Animal Models of Sugar and Fat Bingeing: Relationship to Food Addiction and Increased Body Weight
Binge eating is a behavior that occurs in some eating disorders, as well as in obesity and in nonclinical populations. Both sugars and fats are readily consumed by human beings and are common components of binges. This chapter describes animal models of sugar and fat bingeing, which allow for a detailed analysis of these behaviors and their concomitant physiological effects. The model of sugar bingeing has been used successfully to elicit behavioral and neurochemical signs of dependence in rats; e.g., indices of opiate-like withdrawal, increased intake after abstinence, cross-sensitization with drugs of abuse, and the repeated release of dopamine in the nucleus accumbens following repeated bingeing. Studies using the model of fat bingeing suggest that it can produce some, but not all, of the signs of dependence that are seen with sugar binge eating, as well as increase body weight, potentially leading to obesity.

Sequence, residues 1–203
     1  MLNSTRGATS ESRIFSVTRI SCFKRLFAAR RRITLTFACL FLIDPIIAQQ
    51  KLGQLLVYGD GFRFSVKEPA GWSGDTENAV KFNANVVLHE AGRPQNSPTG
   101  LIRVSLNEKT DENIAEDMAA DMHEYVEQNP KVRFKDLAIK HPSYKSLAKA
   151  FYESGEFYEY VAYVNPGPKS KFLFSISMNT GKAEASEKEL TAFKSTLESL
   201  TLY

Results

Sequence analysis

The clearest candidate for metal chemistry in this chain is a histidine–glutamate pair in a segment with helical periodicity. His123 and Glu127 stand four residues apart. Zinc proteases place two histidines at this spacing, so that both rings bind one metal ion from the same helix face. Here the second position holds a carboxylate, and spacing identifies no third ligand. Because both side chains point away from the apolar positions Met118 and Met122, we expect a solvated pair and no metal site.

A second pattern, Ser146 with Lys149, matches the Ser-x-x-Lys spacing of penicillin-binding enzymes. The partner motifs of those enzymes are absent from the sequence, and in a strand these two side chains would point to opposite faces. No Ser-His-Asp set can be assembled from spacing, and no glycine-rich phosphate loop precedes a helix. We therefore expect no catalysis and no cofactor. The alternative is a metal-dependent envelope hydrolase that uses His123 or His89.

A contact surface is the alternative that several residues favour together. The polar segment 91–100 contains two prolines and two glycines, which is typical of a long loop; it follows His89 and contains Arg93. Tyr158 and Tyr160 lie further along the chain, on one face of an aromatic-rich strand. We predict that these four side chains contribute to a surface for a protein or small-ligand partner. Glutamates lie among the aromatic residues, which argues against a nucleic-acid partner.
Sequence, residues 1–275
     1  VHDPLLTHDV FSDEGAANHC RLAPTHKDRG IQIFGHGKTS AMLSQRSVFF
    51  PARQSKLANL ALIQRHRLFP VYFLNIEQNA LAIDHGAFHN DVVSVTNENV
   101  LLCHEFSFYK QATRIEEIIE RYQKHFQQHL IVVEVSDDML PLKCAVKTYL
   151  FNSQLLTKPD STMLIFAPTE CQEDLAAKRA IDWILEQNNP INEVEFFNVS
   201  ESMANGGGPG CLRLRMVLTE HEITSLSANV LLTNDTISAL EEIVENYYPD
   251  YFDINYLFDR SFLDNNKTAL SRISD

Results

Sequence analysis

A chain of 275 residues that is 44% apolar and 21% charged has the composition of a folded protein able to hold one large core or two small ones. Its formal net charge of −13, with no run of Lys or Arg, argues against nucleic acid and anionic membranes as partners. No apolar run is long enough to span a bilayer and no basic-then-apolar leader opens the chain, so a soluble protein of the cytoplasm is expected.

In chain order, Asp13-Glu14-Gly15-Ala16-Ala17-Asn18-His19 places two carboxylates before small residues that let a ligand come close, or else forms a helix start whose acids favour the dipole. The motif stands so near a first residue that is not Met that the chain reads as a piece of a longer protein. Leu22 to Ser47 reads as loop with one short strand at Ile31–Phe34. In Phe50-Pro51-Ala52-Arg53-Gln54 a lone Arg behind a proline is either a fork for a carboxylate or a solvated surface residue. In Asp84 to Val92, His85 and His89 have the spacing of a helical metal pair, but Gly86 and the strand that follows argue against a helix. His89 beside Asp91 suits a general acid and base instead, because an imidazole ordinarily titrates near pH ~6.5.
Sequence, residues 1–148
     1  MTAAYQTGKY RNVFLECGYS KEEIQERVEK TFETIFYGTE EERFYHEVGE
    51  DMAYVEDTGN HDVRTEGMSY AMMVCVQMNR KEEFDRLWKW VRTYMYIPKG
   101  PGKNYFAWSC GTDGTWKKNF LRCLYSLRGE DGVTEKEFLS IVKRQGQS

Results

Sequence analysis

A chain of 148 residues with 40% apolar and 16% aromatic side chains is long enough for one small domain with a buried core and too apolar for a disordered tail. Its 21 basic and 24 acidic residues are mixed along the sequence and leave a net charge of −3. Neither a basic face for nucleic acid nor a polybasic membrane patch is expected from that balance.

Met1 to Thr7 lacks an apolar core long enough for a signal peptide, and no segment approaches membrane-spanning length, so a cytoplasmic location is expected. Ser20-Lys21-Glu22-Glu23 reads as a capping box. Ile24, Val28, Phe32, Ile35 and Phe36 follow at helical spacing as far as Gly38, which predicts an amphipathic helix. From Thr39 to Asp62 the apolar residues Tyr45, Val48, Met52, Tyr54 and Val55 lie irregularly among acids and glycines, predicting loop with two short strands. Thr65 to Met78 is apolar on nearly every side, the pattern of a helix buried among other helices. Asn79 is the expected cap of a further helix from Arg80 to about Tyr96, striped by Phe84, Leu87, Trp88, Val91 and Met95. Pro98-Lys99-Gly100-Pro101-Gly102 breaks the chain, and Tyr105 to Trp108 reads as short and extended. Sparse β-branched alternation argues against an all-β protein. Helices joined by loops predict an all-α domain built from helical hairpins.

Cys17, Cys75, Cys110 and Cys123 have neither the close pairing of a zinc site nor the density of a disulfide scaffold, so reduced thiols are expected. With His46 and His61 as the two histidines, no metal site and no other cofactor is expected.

Key wordsBinge eating Dopamine Fat Food addiction Nucleus accumbens Sugar Body weight
Supported by USPHS grants MH-65024 (to B.G.H. et al.), DA-10608 (to B.G.H.), DA-031230 (to N.M.A), AA-019623 (fellowship to M.E.B), and the National Eating Disorders Association (to N.M.A).
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